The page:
The Tallwood project aims to investigate the resilience of tall buildings by simulating a series of large earthquakes on a full-scale, 10-story mass timber building. The structure is the tallest full-scale building ever to be constructed and tested on an earthquake simulator. Photo courtesy of UC San Diego. 

The relationship between earthquakes and man-made structures has been one-sided for as long as humans have been capable of building. That relationship is now being tested at the University of California San Diego thanks to the Natural Hazards Engineering Research Infrastructure Tallwood project.

The project aims to investigate the resilience of tall buildings by simulating a series of large earthquakes on a full-scale, 10-story mass timber building. The Tallwood structure is the tallest full-scale building ever to be constructed and tested on an earthquake simulator. The seismic shake table tests not only the structure’s resiliency but also a multitude of elements, including the integrity of glass and the resiliency of window seals.

“Resilient design must also account for the building’s nonstructural systems, which are not part of the structural load-resisting system but play an important role in the building’s function and its ability to recover after the earthquake,” says Keri Ryan, a project co-investigator and engineering professor at the University of Nevada, Reno.

Among the many professionals who traveled to La Jolla, Calif., is Lothar Erkens, an engineer at Winco Window Company. The Saint Louis-based custom aluminum window manufacturer provided windows for the project. Erkens says the tests afford the fenestration industry a perfect opportunity to validate testing on smaller shake tables and test whether window installation clearances are designed to handle actual earthquakes.

“We’re basically trying to validate the engineering assumptions made,” he adds.

Tallest Full-Scale Earthquake Simulator

The first three levels of the building feature non-structural elements, such as a curtainwall provided by Technical Glass Products and windows provided by Innotech and Winco. Photo courtesy of UC Dan Diego.

The Tallwood shake table boasts the world’s largest payload capacity, carrying and shaking structures weighing up to 2,000 metric tons (4.5 million pounds). Recently, the table underwent an upgrade courtesy of funding from the National Science Foundation. It now has the capability to accurately replicate the complete three-dimensional ground motions experienced during earthquakes, encompassing all six degrees of freedom: longitudinal, lateral, vertical, roll, pitch and yaw.

“The rocking wall system consists of a solid wood wall panel anchored to the ground using steel cables or rods with large tension forces,” says Shiling Pei, principal investigator and associate professor of civil and environmental engineering at Colorado School of Mines. “When exposed to lateral forces, the wood wall panels will rock back and forth–which reduces earthquake impacts–and then the steel rods will pull the building back to plumb once the earthquake passes.”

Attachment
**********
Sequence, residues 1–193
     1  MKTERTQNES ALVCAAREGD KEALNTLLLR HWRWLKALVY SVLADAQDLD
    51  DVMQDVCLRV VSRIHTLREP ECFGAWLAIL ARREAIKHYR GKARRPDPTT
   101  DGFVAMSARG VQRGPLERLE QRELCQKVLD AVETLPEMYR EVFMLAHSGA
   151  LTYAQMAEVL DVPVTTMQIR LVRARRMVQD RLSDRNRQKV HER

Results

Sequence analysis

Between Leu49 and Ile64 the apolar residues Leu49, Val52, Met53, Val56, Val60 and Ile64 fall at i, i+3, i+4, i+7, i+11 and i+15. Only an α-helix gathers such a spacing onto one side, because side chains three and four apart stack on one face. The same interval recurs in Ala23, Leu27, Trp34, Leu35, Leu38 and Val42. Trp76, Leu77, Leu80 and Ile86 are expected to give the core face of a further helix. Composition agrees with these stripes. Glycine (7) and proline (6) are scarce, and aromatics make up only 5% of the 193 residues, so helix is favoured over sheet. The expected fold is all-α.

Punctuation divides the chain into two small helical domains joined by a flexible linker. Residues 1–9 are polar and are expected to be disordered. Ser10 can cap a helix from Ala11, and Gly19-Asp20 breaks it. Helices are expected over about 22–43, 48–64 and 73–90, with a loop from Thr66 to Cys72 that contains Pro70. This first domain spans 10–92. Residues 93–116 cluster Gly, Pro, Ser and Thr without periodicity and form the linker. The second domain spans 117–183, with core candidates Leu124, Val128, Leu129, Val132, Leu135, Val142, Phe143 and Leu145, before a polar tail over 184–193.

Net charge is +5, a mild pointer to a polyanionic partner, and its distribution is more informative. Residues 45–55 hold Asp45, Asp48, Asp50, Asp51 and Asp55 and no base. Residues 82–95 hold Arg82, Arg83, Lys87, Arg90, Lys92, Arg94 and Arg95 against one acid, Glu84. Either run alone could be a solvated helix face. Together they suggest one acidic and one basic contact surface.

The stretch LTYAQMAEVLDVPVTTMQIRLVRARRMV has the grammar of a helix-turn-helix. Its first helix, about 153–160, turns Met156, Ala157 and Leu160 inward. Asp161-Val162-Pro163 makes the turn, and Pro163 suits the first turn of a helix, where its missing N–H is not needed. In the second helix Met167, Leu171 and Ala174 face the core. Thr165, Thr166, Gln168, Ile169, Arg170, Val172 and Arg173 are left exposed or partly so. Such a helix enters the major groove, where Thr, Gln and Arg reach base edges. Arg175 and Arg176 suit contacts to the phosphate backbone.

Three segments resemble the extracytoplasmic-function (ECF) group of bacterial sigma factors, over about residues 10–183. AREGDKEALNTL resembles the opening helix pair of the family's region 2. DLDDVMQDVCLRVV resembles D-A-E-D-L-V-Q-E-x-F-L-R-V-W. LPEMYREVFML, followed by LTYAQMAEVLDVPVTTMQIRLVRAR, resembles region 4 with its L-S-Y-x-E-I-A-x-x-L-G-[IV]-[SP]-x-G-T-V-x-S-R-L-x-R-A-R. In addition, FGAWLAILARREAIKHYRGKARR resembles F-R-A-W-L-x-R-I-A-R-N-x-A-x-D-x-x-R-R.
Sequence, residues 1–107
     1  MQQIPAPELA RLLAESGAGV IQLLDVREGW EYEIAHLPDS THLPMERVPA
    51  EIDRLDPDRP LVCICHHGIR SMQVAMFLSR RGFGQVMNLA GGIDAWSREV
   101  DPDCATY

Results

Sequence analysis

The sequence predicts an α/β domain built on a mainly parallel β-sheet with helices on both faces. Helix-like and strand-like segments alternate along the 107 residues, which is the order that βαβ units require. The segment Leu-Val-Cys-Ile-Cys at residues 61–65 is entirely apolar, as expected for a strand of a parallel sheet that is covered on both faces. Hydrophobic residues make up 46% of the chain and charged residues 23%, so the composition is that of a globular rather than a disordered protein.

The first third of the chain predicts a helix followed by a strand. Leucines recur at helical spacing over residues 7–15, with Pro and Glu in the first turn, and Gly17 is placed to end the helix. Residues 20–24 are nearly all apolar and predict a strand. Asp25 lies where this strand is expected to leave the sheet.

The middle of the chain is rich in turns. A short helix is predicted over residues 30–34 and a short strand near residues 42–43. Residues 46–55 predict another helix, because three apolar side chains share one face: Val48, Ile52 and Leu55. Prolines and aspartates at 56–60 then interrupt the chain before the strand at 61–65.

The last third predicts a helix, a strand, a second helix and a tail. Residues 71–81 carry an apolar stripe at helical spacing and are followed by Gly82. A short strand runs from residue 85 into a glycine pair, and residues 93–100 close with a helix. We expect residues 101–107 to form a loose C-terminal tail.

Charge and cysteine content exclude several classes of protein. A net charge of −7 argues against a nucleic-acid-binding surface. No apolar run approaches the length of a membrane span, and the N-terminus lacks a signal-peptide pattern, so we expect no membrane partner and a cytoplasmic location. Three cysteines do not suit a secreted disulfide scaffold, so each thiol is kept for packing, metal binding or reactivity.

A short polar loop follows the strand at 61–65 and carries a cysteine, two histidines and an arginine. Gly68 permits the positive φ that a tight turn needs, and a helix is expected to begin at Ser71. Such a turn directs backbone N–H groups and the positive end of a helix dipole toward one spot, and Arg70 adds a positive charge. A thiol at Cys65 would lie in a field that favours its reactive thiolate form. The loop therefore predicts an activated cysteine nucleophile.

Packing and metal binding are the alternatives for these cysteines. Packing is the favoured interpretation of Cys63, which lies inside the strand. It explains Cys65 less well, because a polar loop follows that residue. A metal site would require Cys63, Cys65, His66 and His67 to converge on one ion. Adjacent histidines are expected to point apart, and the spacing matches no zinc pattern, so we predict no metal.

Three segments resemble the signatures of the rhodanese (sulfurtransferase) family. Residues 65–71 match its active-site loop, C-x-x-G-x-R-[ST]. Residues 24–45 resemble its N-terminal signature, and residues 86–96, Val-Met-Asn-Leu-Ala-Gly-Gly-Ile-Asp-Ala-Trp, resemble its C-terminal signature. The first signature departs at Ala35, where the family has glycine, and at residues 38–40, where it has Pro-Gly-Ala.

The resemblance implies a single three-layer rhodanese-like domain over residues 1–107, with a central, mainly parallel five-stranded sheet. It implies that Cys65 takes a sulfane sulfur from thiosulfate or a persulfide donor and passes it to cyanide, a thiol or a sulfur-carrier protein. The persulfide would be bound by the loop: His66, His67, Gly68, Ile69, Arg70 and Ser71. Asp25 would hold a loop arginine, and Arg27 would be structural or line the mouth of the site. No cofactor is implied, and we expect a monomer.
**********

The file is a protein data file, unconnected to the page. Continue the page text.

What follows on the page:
Tests simulate earthquake motions recorded during prior earthquakes covering a range of earthquake magnitudes on the Richter scale, from magnitude four to magnitude eight. This is done by accelerating the table to at least 1g, which could accelerate the top of the building to as much as 3gs.

The testing began officially in early May, says Erkens, and will last around four weeks. The process involves shaking one level before walking the structure to check for damage. The process is then rinsed and repeated at differing levels.

The first three levels of the building feature non-structural elements, such as a curtainwall provided by Technical Glass Products and windows provided by Innotech and Winco.

Integrity of Fenestration

The Tallwood shake table boasts the world’s largest payload capacity, carrying and shaking structures weighing up to 2,000 metric tons (4.5 million pounds). Photo courtesy of UC San Diego.

Erkens says the test came about after the Kobe, Japan, earthquake in 1995 that killed more than 6,000 people and the Auckland, New Zealand, earthquake several years ago. Those earthquakes showed that windows, doors and other non-structural components might not initially exhibit any failures. However, “two to three weeks later, the first heavy rainstorm comes, and suddenly there are major water intrusions into the building,” says Erkens.

Glass failures are evident to everybody, he adds. Glass cracks and breaks. If only the seal fails, it’s not noticeable unless you know what to look for. Those failures don’t appear until you have excess air filtration during winter or excess water filtration during the first heavy rainfall.

“For window installers, they use various silicone products to seal the frames and the glazing or dry glaze,” says Erkens. “The materials used and the clearances designed are based on tribal knowledge and theoretical engineering calculations, but the actual seismic loads are not completely understood to date.”

Erkens adds that the Tallwood shake test is one of the means of gaining a more fundamental understanding so that the industry does not over-engineer. As of the second week of testing, no windows have failed yet, says Erkens. However, he explains that his team is currently focused more on data acquisition. The evaluation will begin after the shake testing is completed.

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